We all arrived with our own picture to work from and about 6 lbs of prepared clay in the color palette Carol had provided for us ahead of time.
We often worked as a group helping one another truly "see" the colors in our pictures (or in my case a shirt I wanted to use for color).  Carol would also walk around the room helping us individually or answering questions we might have as we worked through the process.  We had quite detailed discussion on how colors are perceived and how to reproduce those colors.  Some of them were quite a surprise.
For example, I used a shirt I really liked the colors of (a real surprise to me, as I rarely like the oranges, reds and yellows that were in this shirt, but I had seen it in a store and knew it was the one I wanted to use for this class).  At first glance we all agreed that the colors in the shirt were true or "full" colors and once released to start preparing clay in those colors I gleefully started mixing colors.  I was shocked and surprised to find my colors didn't match after all and after discussion with Carol and my classmates, we decided my colors were slightly muted and not "pure or full" colors after all, which changed my whole palette and was a wonderful learning experience for me.
We finally got to the point where we had our colors mixed and started preparing small, fairly simple canes to use within the major cane we were building.  At this point, I discovered another reason I needed this class.  I was having a horrible time and just kept making blended bullseye canes and blended plugs and setting them up to work with but wasn't making any progress and was feeling rather frustrated and disgruntled (remember, I already "know" how to make canes, LOL, so why was this so difficult for me?)  While working late one evening I mentioned my frustration (with myself) to another student and we started discussing it and realized that it was because I am a "whole to part" person.  I can work and reproduce almost anything, I cane flowers, butterflies, hummingbirds, sea horses, and I do it well.  I take the "whole" picture and can break it down into "parts" to make that picture or graphic.  The process we were using for this workshop was a "parts to whole" process.  We were not trying to reproduce our picture (or shirt in my case), but rather reproduce the colors and the "feel or flow" of the piece.  It was totally abstract and foreign to me (like learning a foreign language).  However; I persevered and just forced myself to do it, once I realized what my problem was.  So that was part #2 that I learned without even knowing I needed to learn it.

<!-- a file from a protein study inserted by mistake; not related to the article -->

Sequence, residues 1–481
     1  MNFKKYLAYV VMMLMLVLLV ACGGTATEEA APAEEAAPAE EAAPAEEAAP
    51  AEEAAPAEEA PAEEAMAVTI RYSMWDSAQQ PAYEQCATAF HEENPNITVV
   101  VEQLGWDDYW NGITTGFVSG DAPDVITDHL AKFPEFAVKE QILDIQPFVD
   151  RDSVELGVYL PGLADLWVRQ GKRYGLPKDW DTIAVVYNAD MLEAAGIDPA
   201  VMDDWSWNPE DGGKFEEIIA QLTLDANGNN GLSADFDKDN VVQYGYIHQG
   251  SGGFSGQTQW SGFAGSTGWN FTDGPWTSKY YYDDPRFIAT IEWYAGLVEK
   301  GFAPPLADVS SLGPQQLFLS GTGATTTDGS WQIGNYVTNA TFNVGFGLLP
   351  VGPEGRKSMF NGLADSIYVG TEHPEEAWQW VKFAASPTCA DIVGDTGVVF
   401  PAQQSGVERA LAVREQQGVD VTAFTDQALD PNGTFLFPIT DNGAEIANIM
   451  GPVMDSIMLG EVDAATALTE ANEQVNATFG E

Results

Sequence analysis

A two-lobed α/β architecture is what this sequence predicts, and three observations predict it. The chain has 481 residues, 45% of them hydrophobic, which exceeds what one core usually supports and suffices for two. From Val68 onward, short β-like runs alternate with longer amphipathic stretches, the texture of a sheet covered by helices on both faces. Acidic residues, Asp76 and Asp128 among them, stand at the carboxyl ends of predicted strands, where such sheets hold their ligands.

I slowly built my "parts" and was the second to last to actually begin putting the parts together to form the "whole" of my cane.  I was surprised to be "behind", as usually I am the over achiever who gets my polymer clay work done the most quickly and completely.  So that was a bit of an eye opener, also.  We finally got our canes ALL built, reduced them and had the great reveals, as we cut into the center of each of our canes.  There was much cheering and whooping and hollering as we revealed the cane we had created.  My cane turned out like this:

It was a complete surprise because of the way the canes were put together and once again, I learned some things about part to whole constructions and process, as I found some of the more intricate parts of my cane were in fact wasted effort and didn't look that good for this type of cane.  Here is a perfect example of the reaction of the students as their beautiful cane was revealed.

Alex's picture and cane:

Marji's picture and cane: